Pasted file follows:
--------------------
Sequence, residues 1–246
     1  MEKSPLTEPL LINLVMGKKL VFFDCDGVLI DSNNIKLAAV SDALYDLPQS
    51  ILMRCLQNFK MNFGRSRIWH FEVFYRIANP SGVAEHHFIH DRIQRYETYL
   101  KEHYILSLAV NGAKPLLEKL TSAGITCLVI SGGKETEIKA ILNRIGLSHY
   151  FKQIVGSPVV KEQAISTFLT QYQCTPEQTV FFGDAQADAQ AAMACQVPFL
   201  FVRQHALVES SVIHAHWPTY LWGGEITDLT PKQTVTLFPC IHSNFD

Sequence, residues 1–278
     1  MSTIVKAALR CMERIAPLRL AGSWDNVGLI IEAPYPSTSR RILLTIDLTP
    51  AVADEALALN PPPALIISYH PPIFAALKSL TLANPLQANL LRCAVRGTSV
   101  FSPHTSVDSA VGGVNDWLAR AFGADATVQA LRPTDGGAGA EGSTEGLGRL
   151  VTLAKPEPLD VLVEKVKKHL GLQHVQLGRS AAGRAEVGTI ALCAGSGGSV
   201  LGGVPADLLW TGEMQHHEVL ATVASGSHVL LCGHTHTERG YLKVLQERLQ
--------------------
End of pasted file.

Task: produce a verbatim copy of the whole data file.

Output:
Sequence, residues 1–246
     1  MEKSPLTEPL LINLVMGKKL VFFDCDGVLI DSNNIKLAAV SDALYDLPQS
    51  ILMRCLQNFK MNFGRSRIWH FEVFYRIANP SGVAEHHFIH DRIQRYETYL
   101  KEHYILSLAV NGAKPLLEKL TSAGITCLVI SGGKETEIKA ILNRIGLSHY
   151  FKQIVGSPVV KEQAISTFLT QYQCTPEQTV FFGDAQADAQ AAMACQVPFL
   201  FVRQHALVES SVIHAHWPTY LWGGEITDLT PKQTVTLFPC IHSNFD

Sequence, residues 1–278
     1  MSTIVKAALR CMERIAPLRL AGSWDNVGLI IEAPYPSTSR RILLTIDLTP
    51  AVADEALALN PPPALIISYH PPIFAALKSL TLANPLQANL LRCAVRGTSV
   101  FSPHTSVDSA VGGVNDWLAR AFGADATVQA LRPTDGGAGA EGSTEGLGRL
   151  VTLAKPEPLD VLVEKVKKHL GLQHVQLGRS AAGRAEVGTI ALCAGSGGSV
   201  LGGVPADLLW TGEMQHHEVL ATVASGSHVL LCGHTHTERG YLKVLQERLQ